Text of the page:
Gloria Zein’s ceramics stage a trace of violence.They tie in with artistic traditions that go far back to hominisation, as they manifest an archaic creative urge that originates in an incomprehensible abyss on the borderline of the sacred. This connection becomes obvious with prehistoric clay objects, such as fertility statuettes, ceramic props from sacrificial rites or insignia of sovereigns, priests and gods. Their interrelation with an elemental force reincarnates in Gloria Zein’s objects — as destructive power, the creative force of nature, or as apocalyptic purification.
The glazed ceramics from the past three years bear witness to hand-made artistic creation. Their soft, organic forms and colours connote flesh and the human body. We can see (involuntarily, with a gaze striving towards identification, to attribute meaning, to re-construct likeness): corsets and crutches; prostheses and plaster casts; medical bandages and patches — this resilient and yet deficient imitation of our sensitive skin; but also martial equipment, such as armours, shields, helmets and formerly proud heraldic banners. Far from being oppositional, each of them is ambivalent. Like hangovers of an act of war, like defiled, poorly mended and sometimes charred residues of an originally sound and intact, possibly dulcet form, they evoke wounds and vulnerability. At the same time, being the manifest trace of violence, they threaten us. Also the scene of war is on display: ruins, memorials, and arenas.
There are objects reminding of defense and prison towers, of mediaeval dungeons, of cages in which delinquents were exposed to derision, and their dead bodies presented as deterrence; or of baskets in which women on witch trials were submerged in rivers, lakes and barrels.
Other very complex, nearly indescribable objects appear as small burnt landscapes,
collapsed buildings or theatres with demolished scenes. On their tiers, there are blood-red spectators, solidified as if buried under a lava flow, telling of destruction and beweeping the irrecoverable loss.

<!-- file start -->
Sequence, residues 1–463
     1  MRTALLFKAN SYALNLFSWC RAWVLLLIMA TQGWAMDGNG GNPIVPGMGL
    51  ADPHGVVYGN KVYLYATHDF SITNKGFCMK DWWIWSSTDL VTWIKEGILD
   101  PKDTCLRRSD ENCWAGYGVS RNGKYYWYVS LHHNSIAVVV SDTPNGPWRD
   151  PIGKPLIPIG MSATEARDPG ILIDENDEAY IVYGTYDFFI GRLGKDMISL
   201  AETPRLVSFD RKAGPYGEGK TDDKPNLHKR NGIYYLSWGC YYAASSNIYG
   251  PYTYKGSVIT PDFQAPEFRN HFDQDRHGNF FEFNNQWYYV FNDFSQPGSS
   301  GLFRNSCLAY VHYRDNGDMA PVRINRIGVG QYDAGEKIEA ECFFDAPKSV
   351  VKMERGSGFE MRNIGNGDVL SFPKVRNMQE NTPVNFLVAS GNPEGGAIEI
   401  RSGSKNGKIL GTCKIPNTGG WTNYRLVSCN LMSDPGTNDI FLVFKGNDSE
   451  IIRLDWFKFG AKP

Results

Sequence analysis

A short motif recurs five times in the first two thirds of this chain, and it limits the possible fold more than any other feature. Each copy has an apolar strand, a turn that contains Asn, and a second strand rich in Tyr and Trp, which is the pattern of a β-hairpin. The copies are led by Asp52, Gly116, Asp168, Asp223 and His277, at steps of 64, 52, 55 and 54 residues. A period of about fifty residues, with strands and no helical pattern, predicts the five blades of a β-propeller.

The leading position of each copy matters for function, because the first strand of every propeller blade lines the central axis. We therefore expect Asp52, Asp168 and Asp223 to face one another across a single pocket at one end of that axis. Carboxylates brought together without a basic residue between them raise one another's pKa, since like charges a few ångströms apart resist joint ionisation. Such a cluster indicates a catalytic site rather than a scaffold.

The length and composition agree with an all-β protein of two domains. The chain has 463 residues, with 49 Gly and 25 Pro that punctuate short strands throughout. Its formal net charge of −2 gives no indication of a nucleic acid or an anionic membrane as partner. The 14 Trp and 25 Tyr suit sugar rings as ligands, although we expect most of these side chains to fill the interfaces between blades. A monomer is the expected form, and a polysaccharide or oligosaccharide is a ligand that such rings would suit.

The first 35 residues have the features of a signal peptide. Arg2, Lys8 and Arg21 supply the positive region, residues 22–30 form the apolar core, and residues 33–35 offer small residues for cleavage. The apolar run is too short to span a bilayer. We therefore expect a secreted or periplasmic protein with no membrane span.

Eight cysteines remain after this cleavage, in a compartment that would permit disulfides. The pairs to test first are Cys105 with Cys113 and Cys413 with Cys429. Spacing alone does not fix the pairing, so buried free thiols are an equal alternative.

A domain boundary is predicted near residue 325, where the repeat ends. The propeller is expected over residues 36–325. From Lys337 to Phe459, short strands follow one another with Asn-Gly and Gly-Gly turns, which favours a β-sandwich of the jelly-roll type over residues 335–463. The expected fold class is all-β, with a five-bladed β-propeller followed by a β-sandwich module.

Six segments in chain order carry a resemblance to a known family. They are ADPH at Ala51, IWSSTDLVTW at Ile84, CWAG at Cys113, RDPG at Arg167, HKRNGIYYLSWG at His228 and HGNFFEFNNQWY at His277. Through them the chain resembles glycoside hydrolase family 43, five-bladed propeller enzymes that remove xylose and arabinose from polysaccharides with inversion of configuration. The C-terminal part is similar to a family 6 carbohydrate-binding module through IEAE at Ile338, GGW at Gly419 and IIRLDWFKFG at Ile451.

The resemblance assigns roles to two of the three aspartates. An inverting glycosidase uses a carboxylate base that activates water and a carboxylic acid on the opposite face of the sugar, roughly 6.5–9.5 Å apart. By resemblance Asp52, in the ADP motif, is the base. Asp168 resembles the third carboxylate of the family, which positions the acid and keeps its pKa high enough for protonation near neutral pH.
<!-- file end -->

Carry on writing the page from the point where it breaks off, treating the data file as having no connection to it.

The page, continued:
Cultural history tells many stories of homunculi, often suggesting a correlation between artistic and mythic creation. Romanticliterature took inspirations from the legend of the Golem of Prague, who was allegedly createdout of clay by rabbi Loew in the 16th century.
In a ceremony, his master spoke a magic formula and placed a paper with the word "shem" (god) under his tongue, which raised him to life. The rabbi alone could contain him by removing the paper. Joseph, as the golem was called, was a good servant who willingly fulfilled duties that were forbidden to others on Shabbat,
or repelled anti-Semitic attacks at night. But once the rabbi forgot to take the
paper out of his mouth, and Joseph went wild, smashing everything in a blind fury, until the rabbi commanded: "Joseph — stop!" and removed the paper. Another version of the story tells of the destruction of the golem, which was the rabbi’s only way out to put an end to his creation’s riot.
Gloria Zein’s ceramics keep secret about their previous fight. The clearer, however, they tell of their ambivalent existence as both victim and perpetrator. They, too, could be the relics of a machine running out of control, of a conflict that has become independent from its adversaries. And so they betoken the never-ending duel between progress and conservation, science and moral, and the consequences of any kind of imprudent hubris that sooner or later will take its toll.
Anna Grande, 2016